The other day I had another argument with my television set. We are no longer speaking, it and I. I think it’s better if we stay away from each other for a while rather than say or do things we might regret later. I’m not one to badmouth things behind their backs; if I have anything to say, I’ll say it right to the screen. However, my TV is as petulant as a Somali warlord and about half as predictable. Still, every grey cloud has a silver lining, and while my TV and I have been giving each other the cold shoulder I’ve had time to reevaluate our relationship.
I must admit my TV is not totally to blame for our breakup. It’s apparent we’ve grown apart in recent years. Sadly, even though it has tried to keep the magic alive, introducing new channels and keeping the picture quality bright and beautiful, I find myself longing for the good old days when it was just the two of us. We only had basic cable then and a mechanical videotape machine (that flashed 12:00, 12:00, 12:00) but we were young and reckless and it didn’t matter. These days my TV sets the time by itself – from a satellite. It doesn’t need me or the Owner’s Manual. In fact, there is no Owner’s Manual, anymore; everything comes preset. I remember it, though: the childlike wonder of exploring new features, experimenting with the settings, long afternoons slowly coaxing the perfect contrast and brightness levels; each subtle change responding to my touch. Once, I switched the default language to Spanish as a prank; in better times, we still laugh about that one. Then there were those long winter nights when I’d stop off at Blockbuster or Videomatica. We’d order pizza and spend the evening in the darkness, laughing with Tom Hanks or the Blues Brothers. One weekend, we just stayed home and watched the entire Star Wars trilogy – twice! Those were good times, back in the day.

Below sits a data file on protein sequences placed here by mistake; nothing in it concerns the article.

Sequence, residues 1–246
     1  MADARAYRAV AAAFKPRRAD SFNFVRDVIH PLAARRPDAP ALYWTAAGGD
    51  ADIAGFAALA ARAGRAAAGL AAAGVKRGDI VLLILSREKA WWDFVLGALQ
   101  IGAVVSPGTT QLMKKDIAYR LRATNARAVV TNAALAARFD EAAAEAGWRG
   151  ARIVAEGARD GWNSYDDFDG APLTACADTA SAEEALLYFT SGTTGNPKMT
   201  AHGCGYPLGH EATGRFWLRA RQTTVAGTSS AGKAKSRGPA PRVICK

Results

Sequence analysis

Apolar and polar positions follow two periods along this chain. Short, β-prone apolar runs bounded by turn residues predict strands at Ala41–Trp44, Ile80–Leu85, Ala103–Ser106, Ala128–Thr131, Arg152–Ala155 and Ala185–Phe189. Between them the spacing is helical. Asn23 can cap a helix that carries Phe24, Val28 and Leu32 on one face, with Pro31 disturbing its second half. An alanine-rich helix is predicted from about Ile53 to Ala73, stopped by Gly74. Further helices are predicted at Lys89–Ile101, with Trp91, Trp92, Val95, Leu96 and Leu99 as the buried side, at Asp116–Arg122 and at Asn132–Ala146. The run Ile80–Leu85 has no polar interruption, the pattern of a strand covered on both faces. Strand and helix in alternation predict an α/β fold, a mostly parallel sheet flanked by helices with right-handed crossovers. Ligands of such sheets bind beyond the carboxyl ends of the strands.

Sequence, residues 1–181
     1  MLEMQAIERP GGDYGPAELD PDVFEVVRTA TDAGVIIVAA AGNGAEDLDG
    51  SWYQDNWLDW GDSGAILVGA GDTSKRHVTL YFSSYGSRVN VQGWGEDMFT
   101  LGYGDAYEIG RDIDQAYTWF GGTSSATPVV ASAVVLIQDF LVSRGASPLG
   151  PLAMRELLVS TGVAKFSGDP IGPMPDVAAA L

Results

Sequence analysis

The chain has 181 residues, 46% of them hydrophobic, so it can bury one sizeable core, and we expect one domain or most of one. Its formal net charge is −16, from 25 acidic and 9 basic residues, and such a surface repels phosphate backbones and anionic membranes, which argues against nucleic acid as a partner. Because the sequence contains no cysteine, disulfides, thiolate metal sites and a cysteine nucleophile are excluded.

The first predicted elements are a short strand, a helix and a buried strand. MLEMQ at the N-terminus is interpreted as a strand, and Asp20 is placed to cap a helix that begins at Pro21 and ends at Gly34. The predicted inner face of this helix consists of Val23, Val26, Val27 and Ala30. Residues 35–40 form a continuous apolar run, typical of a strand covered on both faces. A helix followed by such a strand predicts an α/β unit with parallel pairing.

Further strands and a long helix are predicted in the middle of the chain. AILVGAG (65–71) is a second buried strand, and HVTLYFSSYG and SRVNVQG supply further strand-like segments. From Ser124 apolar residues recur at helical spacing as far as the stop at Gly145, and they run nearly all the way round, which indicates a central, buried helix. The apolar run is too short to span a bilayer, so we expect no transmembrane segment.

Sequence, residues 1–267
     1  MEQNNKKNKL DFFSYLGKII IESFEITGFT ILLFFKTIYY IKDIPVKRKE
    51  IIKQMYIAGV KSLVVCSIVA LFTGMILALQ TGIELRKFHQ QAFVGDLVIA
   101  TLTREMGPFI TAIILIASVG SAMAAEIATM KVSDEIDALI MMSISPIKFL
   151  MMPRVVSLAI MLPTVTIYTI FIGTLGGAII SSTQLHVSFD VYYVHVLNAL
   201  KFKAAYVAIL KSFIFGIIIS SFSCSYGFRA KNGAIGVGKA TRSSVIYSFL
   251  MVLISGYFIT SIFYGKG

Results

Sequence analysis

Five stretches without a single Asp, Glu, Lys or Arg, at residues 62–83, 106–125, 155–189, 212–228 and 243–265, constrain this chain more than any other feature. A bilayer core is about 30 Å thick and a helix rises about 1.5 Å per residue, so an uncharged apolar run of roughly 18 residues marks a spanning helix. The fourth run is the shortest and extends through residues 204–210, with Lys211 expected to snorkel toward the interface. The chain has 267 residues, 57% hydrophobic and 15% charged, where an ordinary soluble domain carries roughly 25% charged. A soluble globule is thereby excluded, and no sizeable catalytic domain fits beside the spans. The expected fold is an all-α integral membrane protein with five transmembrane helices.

In all honesty, I haven’t been totally faithful to my TV. I’ve watched movies on my computer and played games on my telephone. But they were sordid affairs on darkened, domestic flight airlines and city buses. They didn’t mean anything to me. I used earphones and never got the full experience. In fact, they only made me appreciate my 40 inch flat screen — with stereo theatre sound-around — all the more.
I suppose it was just the day-to-day routine that drove me to use other devices. I can have whatever I want, whenever I want it, but there’s a sameness about it – no spontaneity, no discovery, no trembling anticipation. Despite all the channels, the HD picture, the iTunes Video on Demand, it always comes back to the same old/same old: know-it-all detective shows and dysfunctional family drama.
In fact, that was what the argument was about in the first place. I wanted to watch something different for once, but it was already recording two “We’re all Doomed” documentaries and refused to change without killing one of them. Then I accidently killed them both and recorded a stupid insult sitcom with Charlie Sheen. So you see, it wasn’t actually her fault, at all. In fact, she was just doing what she thought I wanted. At the end of the day, that’s the real problem. I haven’t kept up with all the changes in her life. I really don’t know what half her remote buttons do anymore, and I haven’t given her the quality time it takes to find out. It’s no wonder she thinks I take her for granted. Yet, there she is, all by herself in the corner, quietly recording Season Three of Downton Abbey just so I don’t miss an episode. I guess it wouldn’t kill me to go over and see if she wants to take a look at HBO and see if there’s something on. Besides, I’m sure she wouldn’t want me to miss the NFL playoffs this weekend.
But I don’t think it’s a good time to say anything about the “Words with Friends” app I’ve got on my telephone.